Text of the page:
Dr. Betsy Stoutmorrill, of Beacon College in Leesburg, recently facilitated a training on ways adult learner tutors and teachers can identify and solve reading error patterns.
Below is an excerpt, authored by Dr. Stoutmorrill, from the training.
“Is reading an art or a science?” To answer this, reading teachers and students, as well as adult non- or limited readers, may benefit from review of what I like to call “The Super Seven.” These are the seven skills, processes or talents needed to be proficient and competent at both the art and science of reading:
- decoding—sound-symbol association
- vocabulary—definition and pronunciation of words
- fluency/prosody—appropriate speed with accuracy and inflection
- syntax—sentence structure, word and phrase associations
- semantics—changes of word meanings in context
- schematics—prior knowledge, culture and memories
- pragmatics—intended meaning of the writer
Adults and children who struggle with the science of reading often do not get to the art of reading, so they do not experience the joy and wonder of all the knowledge and entertainment available through the printed page.
Error Pattern Analysis is one tool a reading tutor or volunteer can use to help a student with both the science and the art of reading.
How does the tutor know if an adult student did not learn a skill, learned a skill incorrectly, or has a reading disability? By listening, marking and discussing error patterns from a brief 100-150 word passage, the tutor can make a difference in the confidence and reading skills of an adult learner from the first day!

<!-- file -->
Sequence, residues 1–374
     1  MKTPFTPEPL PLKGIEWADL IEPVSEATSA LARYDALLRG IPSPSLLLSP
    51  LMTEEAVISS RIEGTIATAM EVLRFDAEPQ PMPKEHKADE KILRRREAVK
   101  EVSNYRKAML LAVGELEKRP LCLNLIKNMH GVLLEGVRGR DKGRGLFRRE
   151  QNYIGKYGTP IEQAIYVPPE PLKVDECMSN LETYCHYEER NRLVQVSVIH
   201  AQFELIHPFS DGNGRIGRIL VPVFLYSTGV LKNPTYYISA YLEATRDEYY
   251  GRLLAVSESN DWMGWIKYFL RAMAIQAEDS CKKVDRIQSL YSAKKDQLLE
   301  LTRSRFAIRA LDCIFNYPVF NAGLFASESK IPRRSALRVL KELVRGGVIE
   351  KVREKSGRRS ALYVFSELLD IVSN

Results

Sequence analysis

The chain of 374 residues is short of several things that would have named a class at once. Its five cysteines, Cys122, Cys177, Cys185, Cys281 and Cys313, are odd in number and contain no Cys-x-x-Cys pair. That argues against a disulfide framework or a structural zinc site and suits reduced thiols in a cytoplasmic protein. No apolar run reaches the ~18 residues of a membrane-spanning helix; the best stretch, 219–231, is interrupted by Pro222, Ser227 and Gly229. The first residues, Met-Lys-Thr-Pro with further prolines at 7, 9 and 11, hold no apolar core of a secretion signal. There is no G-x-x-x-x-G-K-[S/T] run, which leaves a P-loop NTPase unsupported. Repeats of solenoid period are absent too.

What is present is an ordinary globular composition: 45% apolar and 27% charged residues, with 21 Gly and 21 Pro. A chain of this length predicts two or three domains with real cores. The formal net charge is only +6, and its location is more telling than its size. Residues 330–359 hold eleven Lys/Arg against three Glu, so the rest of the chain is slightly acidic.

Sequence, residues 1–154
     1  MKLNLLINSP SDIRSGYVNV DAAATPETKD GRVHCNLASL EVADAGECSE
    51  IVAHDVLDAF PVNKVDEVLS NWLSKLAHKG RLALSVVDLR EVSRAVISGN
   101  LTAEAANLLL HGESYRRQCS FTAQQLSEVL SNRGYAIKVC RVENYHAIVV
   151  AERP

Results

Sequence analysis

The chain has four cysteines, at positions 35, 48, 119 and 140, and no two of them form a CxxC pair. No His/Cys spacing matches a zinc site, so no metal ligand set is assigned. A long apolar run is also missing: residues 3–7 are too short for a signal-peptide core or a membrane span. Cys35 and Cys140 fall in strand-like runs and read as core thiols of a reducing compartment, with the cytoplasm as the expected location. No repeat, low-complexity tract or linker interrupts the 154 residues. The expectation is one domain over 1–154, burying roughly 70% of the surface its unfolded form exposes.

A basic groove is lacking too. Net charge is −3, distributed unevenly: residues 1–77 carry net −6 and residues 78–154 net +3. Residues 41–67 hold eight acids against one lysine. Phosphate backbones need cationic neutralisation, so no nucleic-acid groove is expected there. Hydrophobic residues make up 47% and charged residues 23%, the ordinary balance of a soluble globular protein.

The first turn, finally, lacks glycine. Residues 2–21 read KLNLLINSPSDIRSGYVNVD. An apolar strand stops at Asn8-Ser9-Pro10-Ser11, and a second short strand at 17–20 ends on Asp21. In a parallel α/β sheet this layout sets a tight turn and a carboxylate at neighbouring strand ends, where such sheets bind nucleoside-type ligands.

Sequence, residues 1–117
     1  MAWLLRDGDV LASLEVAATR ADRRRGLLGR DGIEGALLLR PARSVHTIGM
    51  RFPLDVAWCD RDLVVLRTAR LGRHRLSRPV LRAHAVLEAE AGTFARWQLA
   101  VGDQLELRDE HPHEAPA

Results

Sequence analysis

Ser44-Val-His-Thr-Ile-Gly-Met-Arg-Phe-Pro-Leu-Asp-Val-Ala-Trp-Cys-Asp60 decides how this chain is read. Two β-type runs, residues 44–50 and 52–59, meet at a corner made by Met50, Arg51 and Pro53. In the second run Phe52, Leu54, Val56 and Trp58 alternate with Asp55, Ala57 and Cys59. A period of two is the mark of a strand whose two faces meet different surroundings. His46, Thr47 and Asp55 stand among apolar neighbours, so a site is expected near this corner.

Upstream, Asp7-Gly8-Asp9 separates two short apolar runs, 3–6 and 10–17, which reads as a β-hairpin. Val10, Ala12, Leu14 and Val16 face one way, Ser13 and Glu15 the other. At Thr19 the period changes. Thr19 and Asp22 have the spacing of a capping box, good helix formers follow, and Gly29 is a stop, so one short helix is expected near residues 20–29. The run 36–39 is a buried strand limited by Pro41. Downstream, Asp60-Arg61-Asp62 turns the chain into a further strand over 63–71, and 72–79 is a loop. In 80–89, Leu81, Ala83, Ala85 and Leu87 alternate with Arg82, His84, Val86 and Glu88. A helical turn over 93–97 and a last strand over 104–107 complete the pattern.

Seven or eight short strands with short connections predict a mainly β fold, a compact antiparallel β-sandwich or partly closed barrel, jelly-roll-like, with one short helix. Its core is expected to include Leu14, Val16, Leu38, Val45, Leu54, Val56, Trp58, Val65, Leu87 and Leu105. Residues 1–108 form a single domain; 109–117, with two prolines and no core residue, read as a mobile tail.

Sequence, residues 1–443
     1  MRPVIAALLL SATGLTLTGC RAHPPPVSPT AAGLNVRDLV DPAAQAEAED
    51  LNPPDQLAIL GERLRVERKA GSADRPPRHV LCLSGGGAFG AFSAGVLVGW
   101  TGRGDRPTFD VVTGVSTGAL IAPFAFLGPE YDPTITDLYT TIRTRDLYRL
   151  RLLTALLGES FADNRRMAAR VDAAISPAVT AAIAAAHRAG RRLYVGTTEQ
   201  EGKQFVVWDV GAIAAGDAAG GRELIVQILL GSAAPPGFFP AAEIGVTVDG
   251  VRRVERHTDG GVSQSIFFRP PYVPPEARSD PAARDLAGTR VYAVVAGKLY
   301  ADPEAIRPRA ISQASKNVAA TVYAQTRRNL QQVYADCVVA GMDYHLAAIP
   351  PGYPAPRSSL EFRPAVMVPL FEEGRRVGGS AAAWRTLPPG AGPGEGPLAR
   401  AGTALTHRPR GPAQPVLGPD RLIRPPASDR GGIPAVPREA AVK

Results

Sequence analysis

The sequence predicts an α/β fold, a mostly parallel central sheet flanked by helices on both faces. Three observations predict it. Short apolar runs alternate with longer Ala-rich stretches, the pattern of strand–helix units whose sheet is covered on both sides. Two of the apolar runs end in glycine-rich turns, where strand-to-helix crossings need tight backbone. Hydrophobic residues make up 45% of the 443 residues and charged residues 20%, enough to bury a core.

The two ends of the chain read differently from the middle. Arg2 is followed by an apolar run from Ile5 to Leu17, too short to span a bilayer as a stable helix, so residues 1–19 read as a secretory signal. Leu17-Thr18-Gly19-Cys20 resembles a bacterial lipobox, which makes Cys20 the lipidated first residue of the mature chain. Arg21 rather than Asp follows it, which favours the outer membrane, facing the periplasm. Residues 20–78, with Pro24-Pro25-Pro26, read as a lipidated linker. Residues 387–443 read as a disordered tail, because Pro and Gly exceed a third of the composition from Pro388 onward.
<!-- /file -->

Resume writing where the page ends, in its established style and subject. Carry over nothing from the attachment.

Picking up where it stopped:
A simple system to consistently record the most common errors while listening to a passage allows a volunteer to analyze reading error patterns to plan or choose lessons for correction or practice. Adult students can also see progress by comparing the error patterns from the first reading to subsequent readings after tutoring and practice.
Tutors can also assess whether a passage is within a student’s reading level: independent (can read alone with few errors); instructional (requires a tutor’s assistance, some errors); or frustration (cannot read, multiple errors). Working within a student’s instructional level is the best scenario for improvement in every reading session.
The 10 Most Common Errors:
- saying the wrong word
- skipping a word/word part
- skipping a line of text
- adding a word/word part
- repeating a word/phrase
- sounding out a word
- tell/ask for word
- start over
The last four are considered errors for the purpose of helping the tutor to improve a reader’s proficiency and comprehension.
Resources about Reading Pattern Error Analysis:
Curriculum-Based Measurement: Director for Administering and Scoring CBM Probes in Oral Reading Fluency http://www.jimwrightonline.com/pdfdocs/cbmresources/cbmdirections/cbmread.pdf
SunSprouts Record of Oral Reading as a tool for Assessment and Observation http://www.etacuisenaire.com/pdf/SunSprouts/assessment_instructions.pdf
Did you participate in this training? If so, tell us what parts of the training were most impactful/helpful for you in the comments section below.
Did you miss this training? You can watch the entire training online by clicking here!!